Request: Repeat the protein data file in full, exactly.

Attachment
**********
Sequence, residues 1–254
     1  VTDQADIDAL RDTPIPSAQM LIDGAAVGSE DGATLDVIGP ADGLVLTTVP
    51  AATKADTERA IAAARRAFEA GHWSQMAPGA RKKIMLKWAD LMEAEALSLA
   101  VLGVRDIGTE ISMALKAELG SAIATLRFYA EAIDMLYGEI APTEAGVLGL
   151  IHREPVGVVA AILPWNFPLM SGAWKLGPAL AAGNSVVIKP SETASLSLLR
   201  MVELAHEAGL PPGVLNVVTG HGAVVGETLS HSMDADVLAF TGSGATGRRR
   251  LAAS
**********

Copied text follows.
Sequence, residues 1–254
     1  VTDQADIDAL RDTPIPSAQM LIDGAAVGSE DGATLDVIGP ADGLVLTTVP
    51  AATKADTERA IAAARRAFEA GHWSQMAPGA RKKIMLKWAD LMEAEALSLA
   101  VLGVRDIGTE ISMALKAELG SAIATLRFYA EAIDMLYGEI APTEAGVLGL
   151  IHREPVGVVA AILPWNFPLM SGAWKLGPAL AAGNSVVIKP SETASLSLLR
   201  MVELAHEAGL PPGVLNVVTG HGAVVGETLS HSMDADVLAF TGSGATGRRR
   251  LAAS